Sikhs for Justice Facebook

A non-profit organisation called Sikhs for Justice has filed a lawsuit against social networking major Facebook for blocking its page in India, reports PCWorld. The page was blocked in early May. Sikhs for Justice primarily ran a campaign for a referendum seeking an independent Sikh country in Punjab through its Facebook page. It has also filed several petitions in Indian and US courts in regards to the 1984 riots. It’s not clear if Facebook blocked the page suo moto or under orders from the Indian government.

The PCWorld report mentions that the group has charged Facebook with entering “a pattern of civil rights violation and blatant discriminatory conduct” by blocking its page across India. Sikhs for Justice has asked the US court to grant a permanent injunction on any further blocking of its page. It has also asked for access to any correspondence Facebook might have had with the Indian government regarding this block. The group is also seeking monetary damages and other relief. A Facebook spokesperson told MediaNama that this lawsuit is without merit and that they’ll defend themselves vigorously.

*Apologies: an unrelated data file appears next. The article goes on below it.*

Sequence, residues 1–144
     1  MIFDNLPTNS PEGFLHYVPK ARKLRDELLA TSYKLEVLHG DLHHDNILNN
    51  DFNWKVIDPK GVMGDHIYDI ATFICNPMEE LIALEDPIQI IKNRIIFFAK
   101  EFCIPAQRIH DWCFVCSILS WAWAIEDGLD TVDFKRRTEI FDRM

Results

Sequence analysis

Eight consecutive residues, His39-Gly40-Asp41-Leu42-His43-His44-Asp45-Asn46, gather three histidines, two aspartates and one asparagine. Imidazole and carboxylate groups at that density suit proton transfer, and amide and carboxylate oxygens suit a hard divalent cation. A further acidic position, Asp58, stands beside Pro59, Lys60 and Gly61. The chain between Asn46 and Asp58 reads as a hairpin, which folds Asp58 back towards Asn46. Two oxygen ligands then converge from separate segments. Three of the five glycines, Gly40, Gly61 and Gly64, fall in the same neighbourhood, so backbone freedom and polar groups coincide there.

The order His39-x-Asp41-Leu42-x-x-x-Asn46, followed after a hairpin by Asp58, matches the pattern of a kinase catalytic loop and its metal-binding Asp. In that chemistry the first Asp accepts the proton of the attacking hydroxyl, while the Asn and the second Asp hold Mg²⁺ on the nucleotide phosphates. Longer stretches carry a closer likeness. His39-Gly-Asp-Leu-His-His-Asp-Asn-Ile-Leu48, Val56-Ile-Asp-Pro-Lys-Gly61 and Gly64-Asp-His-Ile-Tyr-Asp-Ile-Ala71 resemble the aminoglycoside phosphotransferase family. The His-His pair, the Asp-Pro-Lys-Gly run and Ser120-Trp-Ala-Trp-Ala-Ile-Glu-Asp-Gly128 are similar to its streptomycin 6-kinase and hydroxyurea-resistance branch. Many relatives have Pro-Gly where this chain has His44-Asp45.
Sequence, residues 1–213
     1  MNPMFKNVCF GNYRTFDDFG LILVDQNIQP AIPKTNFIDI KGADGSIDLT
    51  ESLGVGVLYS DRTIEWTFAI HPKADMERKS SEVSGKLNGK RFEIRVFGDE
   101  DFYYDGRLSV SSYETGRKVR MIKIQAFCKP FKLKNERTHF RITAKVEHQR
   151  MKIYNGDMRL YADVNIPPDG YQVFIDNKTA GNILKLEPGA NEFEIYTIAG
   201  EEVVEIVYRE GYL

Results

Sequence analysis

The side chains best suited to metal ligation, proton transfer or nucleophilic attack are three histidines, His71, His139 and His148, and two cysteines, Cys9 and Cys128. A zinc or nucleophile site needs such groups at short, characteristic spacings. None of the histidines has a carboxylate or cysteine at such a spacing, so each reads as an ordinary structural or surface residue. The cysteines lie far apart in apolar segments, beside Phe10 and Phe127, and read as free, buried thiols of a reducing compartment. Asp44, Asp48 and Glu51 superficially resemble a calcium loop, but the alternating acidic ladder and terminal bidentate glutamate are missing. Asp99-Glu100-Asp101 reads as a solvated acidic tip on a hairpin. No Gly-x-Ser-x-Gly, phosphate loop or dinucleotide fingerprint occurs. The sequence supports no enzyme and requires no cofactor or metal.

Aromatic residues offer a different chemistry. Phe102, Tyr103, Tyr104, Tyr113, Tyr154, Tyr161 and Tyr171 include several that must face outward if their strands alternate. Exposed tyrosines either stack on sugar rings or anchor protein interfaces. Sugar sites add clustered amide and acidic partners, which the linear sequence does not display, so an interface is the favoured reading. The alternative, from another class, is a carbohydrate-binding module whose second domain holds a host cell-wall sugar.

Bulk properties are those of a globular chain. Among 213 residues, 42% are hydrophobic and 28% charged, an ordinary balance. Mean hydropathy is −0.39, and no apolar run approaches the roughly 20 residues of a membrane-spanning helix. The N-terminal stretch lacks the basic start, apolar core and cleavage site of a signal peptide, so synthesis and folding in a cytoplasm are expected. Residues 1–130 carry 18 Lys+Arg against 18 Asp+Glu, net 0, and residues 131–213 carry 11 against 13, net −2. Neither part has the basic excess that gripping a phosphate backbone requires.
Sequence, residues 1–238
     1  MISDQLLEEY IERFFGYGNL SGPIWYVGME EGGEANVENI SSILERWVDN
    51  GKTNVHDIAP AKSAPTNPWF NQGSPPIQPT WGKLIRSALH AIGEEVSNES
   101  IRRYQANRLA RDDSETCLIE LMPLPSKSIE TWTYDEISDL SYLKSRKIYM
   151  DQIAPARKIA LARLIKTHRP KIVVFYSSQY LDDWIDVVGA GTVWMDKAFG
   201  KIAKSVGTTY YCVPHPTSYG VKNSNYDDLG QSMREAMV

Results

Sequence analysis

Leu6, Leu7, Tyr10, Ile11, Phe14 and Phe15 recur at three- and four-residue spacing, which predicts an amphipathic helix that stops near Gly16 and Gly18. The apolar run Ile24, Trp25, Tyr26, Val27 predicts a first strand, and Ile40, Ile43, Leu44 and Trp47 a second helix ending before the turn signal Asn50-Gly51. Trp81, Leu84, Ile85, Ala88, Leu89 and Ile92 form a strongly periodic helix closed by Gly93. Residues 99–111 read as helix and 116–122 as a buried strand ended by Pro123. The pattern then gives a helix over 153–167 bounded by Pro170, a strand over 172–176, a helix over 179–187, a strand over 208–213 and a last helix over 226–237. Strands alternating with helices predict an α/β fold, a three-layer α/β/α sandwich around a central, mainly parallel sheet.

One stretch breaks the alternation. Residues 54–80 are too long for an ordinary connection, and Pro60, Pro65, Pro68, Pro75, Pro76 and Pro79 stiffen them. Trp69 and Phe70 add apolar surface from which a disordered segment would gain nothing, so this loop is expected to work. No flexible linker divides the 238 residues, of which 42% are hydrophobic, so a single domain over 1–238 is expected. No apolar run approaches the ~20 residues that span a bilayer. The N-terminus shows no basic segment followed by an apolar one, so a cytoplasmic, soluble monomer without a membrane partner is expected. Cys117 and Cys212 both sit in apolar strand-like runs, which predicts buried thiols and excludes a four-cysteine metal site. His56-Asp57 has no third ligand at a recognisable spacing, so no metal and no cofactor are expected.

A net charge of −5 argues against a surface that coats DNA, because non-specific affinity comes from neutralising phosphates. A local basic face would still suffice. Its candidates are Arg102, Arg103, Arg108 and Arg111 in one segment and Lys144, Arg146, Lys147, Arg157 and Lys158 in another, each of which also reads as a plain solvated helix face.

Interestingly, Facebook restricted access to 5,832 pieces of content in India during the second half of 2014 (July-Dec 2014), the highest among all the countries in the world. At the time, Facebook had said that most of the blocked content was requested to be blocked primarily by law enforcement agencies and the India Computer Emergency Response Team within the Ministry of Communications and Information Technology. The reasons for these takedowns were vague, all “anti-religious content and hate speech that could cause unrest and disharmony” were blocked. India was also second in the world, behind the US, in terms of the total Facebook accounts for which the government had requested information during this period.

Readers will remember that in November last year, the Facebook page of the controversial ‘Kiss of Love‘ protest was blocked along with the profile pages of all 15 administrators and a related Facebook group Free Thinkers. The page was subsequently reinstated, however Facebook did not provide any information as to why the page was blocked in the first place and then later reinstated. It’s possible that Facebook reinstated this page following public outcry, which raises another question as to what about the Facebook pages that were blocked when there was no public outcry? More on this here.

On a lighter note, last year, Facebook had accidentally deleted BJP leader Subramanian Swamy’s Facebook account, instead of the parody account that had irked off Swamy. Well, truth be told there wasn’t much difference between the two, in terms of content!

Also Read: After Google and Twitter, Facebook explains its content policy